News Release, United States Postal Service, Capitol District
District records an 18 percent reduction in attacks
MARYLAND – The number of U.S. Postal Service employees attacked by dogs nationwide fell to 5,714 in 2018 — more than 500 fewer than in 2017 and more than 1,000 fewer since 2016. But, for local Postal Service officials and mail carriers, one bite is one too many and new tools continue to be unleashed to help reduce dog attacks in the area.
In the Capital District, 41 carriers were attacked in 2018, an 18 percent reduction from 2017, noted District Manager Salvatore Vacca.
“Our employees have been great at taking preventative measures against dog attacks, but they need help from our customers, too,” said USPS Safety Director Linda DeCarlo. “We are confident we can keep moving the trends of attacks downward, and ramping up overall awareness for everyone is the best way to do that.”
According to DeCarlo, technology supports carrier safety in several ways: Mobile Delivery Devices are hand-held scanners, used by carriers to confirm customer delivery, now include a feature to indicate the presence of a dog at an individual address. The Package Pickup applicationatusps.com asks customers to indicate if dogs are at their address when they schedule package pickups, which allows USPS to send alerts to those scanners.
At the mailbox, some dog owners may see a high-tech notice from the Postal Service. A 3-D printed postcard uses the latest in printing technology to command the attention of postal customers whose dogs may pose a risk.
Postal officials also note that a new interactive map shows where dog attacks on letter carriers occurred for 2018 will be used to educate communities and customers about trends in dog bites nationwide.
Mail carriers often have stories of dog bites, attacks and near misses to share. Here are situations from real carriers around the nation, with experiences common to many:
Regina is a regular letter carrier who was delivering to a resident where she never had a problem with a dog until this one day. The house had a mail slot at the front door. As she was bending down to put mail through, she noticed the door was ajar a tiny crack and that’s when a dog came charging at her.
With a quick response, she was able to pull the door shut and keep it closed. There was glass near the door and the dog charged the glass and broke it with its head. Luckily, the homeowner rushed to see what was going on. Regina immediately notified her supervisor and explained the situation. Within days, the homeowner put a mailbox in the front of his house.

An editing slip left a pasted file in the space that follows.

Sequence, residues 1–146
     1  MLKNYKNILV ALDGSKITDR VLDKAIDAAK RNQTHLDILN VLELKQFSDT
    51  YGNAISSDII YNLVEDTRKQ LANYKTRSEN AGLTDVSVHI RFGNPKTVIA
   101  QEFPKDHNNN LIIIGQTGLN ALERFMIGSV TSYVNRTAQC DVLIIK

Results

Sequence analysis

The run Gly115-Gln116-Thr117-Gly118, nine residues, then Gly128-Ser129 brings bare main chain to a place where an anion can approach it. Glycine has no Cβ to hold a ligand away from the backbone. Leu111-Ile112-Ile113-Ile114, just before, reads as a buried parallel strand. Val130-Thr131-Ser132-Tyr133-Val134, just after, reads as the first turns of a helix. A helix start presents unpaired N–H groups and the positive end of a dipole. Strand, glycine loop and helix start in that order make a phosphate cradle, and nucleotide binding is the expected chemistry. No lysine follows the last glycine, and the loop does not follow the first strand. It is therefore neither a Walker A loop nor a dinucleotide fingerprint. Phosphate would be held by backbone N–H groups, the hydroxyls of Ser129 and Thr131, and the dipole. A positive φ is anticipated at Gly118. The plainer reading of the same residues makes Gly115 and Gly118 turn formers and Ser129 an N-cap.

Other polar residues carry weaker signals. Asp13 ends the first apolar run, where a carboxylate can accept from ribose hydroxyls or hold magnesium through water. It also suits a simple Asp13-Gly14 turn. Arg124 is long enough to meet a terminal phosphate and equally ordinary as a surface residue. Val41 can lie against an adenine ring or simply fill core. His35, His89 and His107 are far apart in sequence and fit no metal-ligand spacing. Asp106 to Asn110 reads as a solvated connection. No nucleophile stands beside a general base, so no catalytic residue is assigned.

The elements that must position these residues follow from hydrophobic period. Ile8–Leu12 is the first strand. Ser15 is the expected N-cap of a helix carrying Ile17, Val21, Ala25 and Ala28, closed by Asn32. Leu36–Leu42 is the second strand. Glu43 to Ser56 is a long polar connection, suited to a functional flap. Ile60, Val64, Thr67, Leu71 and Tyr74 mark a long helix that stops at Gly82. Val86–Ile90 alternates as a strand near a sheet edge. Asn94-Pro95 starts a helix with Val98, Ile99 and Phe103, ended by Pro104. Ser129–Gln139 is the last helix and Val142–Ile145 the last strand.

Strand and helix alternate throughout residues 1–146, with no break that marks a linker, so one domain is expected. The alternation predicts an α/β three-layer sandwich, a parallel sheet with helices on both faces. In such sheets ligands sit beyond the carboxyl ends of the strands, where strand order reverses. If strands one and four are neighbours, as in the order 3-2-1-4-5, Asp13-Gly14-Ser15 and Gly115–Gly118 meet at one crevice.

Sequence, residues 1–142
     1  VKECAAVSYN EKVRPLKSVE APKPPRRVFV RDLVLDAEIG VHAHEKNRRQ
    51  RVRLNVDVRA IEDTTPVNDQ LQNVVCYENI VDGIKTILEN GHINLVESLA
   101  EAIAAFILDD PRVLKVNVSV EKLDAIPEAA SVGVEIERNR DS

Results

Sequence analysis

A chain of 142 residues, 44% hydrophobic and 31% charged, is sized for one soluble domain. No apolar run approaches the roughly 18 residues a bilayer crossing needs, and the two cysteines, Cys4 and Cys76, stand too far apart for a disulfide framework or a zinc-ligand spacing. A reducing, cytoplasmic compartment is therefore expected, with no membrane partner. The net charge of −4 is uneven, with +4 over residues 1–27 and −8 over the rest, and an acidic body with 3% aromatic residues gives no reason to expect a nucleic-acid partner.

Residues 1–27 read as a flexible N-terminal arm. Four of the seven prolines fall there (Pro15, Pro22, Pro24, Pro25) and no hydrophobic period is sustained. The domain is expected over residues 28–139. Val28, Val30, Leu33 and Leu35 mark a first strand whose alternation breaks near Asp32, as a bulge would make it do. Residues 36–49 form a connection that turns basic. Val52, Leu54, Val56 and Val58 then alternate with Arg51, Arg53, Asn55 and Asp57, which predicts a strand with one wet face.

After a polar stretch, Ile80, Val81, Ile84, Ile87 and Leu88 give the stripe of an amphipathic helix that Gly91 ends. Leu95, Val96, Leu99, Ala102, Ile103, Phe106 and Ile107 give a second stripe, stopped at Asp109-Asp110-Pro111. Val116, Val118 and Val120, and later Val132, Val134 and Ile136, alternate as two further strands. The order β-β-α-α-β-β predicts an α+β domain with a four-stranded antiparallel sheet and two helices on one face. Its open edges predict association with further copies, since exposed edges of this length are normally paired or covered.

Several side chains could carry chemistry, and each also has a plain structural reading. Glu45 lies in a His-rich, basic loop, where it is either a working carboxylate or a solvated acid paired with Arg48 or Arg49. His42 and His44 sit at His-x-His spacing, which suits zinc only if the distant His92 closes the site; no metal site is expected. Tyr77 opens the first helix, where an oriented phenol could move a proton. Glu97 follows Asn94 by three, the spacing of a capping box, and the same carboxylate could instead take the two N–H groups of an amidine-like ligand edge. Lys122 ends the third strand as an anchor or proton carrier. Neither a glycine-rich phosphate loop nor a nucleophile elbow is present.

On Angela’s route, a large dog was off his leash when he charged after her and luckily she stayed alert. She did not deliver to the home and alerted her supervisor.
In a separate incident, she walked towards a house where she realized there was a dog sitting on the front porch. Thankfully, a leash prohibited it from attacking. Again, she did not deliver to the home and alerted her supervisor.
Michael was in the back of his truck sorting mail when a dog got loose from its owner and jumped into the back of his truck, biting him on the wrist. The dog was on a leash being held by its owner. Unfortunately, the dog owner was texting on a cell phone as the dog loosened its grip and ran to bite Michael inside of his truck. He went to a hospital and received 10 stitches after this attack.
The Postal Service offers the following safety tips for dog owners:
- When a carrier delivers mail or packages to your front door, place your dog in a separate room and close that door before opening the front door. Dogs have been known to burst through screen doors or plate glass windows to attack visitors.
- Parents should remind children and other family members not to take mail directly from carriers in the presence of the family pet. The dog may view the carrier handing mail to a family member as a threatening gesture.
- If a carrier feels threatened by a dog, or if a dog is loose or unleashed, the owner may be asked to pick up mail at a Post Office or other facility until the carrier is assured the pet has been restrained. If the dog is roaming the neighborhood, the pet owner’s neighbors also may be asked to pick up their mail at the area’s Post Office.
The Postal Service has a short video on dog bite prevention available on its YouTube site, USPS TV.
The Postal Service receives no tax dollars for operating expenses and relies on the sale of postage, products and services to fund its operations.
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